Where The Midterms Could Most Affect Abortion Access

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Where The Midterms Could Most Affect Abortion Access

On Friday, the Supreme Court overturned Roe v. Wade, leaving it up to individual states to decide whether abortion is legal within their borders. As of 5 p.m. Eastern on Tuesday, nine states have already banned or restricted the procedure, and by the end of July, at least another six will have joined them. But the post-Roe landscape could change even more dramatically after the 2022 midterm elections — especially in states where control of state government is on the line and where the future of abortion policy is up in the air. 

We’ve identified seven states where the results of the midterms could decide whether abortion is protected or banned. Here are the relevant races in those states as well as how abortion policy could change following each possible electoral outcome.

Kansas

The first state where abortion will be on the ballot in 2022 is Kansas. Its state Supreme Court has previously ruled that the state constitution implicitly protects abortion rights, but that could change when Kansans head to the ballot box on Aug. 2 to vote on a state constitutional amendment that says that the Kansas Constitution does not protect abortion rights and explicitly gives the Republican-controlled state legislature the authority to legislate on the issue. 

This is something Republicans in the state have long pushed for, and this specific measure was on the ballot well in advance of the decision in Dobbs v. Jackson Women’s Health Organization. We haven’t seen any public polls on the referendum, but if it passes, Kansas’s gubernatorial election could determine the future of abortion rights in the state. Democratic Gov. Laura Kelly is up for reelection and, given Kansas’s deep-red hue, faces a challenging race against likely Republican candidate Attorney General Derek Schmidt. If Schmidt defeats Kelly, Republicans will have no remaining obstacles to banning or restricting abortion in the state.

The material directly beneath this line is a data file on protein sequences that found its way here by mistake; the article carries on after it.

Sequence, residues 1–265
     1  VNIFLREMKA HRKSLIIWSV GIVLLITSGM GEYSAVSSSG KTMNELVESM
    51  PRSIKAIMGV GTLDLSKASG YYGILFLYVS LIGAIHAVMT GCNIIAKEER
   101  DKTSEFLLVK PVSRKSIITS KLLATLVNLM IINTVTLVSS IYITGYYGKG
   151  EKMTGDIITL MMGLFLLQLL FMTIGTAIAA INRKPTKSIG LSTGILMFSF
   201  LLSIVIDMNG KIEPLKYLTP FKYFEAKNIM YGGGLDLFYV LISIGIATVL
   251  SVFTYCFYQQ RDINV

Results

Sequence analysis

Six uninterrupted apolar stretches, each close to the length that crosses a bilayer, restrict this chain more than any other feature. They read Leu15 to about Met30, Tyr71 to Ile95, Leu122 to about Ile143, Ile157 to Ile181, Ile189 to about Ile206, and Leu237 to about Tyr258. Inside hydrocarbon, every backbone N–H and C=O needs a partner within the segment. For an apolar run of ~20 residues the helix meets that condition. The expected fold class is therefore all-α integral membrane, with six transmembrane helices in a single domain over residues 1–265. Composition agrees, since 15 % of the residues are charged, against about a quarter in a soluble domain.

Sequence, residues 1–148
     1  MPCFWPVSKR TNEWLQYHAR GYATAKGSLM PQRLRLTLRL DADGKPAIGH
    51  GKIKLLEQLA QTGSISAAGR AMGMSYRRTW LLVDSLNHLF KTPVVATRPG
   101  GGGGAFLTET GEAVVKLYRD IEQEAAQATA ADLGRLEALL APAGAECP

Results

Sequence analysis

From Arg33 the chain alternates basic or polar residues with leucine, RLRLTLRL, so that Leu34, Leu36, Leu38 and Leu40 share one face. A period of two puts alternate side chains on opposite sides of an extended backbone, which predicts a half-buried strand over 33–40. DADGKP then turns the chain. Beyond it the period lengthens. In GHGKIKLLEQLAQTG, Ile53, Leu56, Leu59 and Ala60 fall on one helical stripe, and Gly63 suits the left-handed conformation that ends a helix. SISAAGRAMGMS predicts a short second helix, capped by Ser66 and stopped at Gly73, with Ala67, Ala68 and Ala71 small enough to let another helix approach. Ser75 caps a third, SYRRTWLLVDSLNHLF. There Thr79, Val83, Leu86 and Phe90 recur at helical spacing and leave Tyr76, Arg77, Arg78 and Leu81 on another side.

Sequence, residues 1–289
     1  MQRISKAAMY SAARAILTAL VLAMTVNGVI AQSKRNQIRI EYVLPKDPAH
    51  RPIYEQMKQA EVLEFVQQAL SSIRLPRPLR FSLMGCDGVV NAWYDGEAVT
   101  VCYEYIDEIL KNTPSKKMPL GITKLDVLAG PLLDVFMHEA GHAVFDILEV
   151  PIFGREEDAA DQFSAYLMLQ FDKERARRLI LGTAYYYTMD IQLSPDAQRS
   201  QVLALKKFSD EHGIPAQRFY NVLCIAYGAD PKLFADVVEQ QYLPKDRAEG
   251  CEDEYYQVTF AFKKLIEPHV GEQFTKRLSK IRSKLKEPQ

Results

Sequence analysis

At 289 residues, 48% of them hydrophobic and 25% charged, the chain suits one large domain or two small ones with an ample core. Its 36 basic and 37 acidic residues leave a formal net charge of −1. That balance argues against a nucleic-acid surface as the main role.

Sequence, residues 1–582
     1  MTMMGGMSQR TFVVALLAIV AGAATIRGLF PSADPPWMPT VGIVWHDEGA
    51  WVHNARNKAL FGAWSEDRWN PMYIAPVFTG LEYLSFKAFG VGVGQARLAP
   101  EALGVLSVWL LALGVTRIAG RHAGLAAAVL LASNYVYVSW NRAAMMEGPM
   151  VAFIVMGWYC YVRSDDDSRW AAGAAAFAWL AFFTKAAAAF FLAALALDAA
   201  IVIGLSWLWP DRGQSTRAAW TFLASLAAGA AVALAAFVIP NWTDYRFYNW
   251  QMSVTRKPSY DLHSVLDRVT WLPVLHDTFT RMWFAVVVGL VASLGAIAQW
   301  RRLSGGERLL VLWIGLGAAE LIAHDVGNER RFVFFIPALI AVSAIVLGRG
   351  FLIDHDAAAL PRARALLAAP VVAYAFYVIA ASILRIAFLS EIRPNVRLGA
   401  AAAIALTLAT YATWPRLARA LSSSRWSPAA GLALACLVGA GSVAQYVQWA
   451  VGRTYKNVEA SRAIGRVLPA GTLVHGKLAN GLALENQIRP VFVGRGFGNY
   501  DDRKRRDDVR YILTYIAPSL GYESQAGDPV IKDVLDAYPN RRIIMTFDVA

Even if Kelly doesn’t lose, however, Republicans could still ban or restrict abortion as long as they retain their veto-proof supermajorities in both chambers of the legislature. Right now, Republicans have 28 of the 40 seats in the Kansas state Senate (a supermajority is 27) and 86 of the 125 seats in the state House of Representatives (a supermajority is 84).

Pennsylvania

Control of the governorship could also determine the future of abortion rights in Pennsylvania. Abortion is currently legal in Pennsylvania until the 24th week of pregnancy (after which there are very few exemptions), and it’s likely to stay that way at least through the midterms. However, abortion isn’t legally protected in the state, and over the years, Republican lawmakers have passed numerous restrictions chipping away access, including counseling requirements and a 24-hour waiting period.

Democratic Gov. Tom Wolf has vetoed multiple laws that would have made it harder to get an abortion, including a 2019 bill that would have banned abortion after a Down syndrome diagnosis. But Wolf is term-limited, and if Republican gubernatorial nominee Doug Mastriano, a state senator, becomes Pennsylvania’s next governor, he has indicated he would support a total ban on abortion, with no exceptions for the life of the mother. However, election handicappers believe that the race leans toward Democratic candidate Josh Shapiro, the state’s attorney general, who has vowed to veto any bill restricting abortion.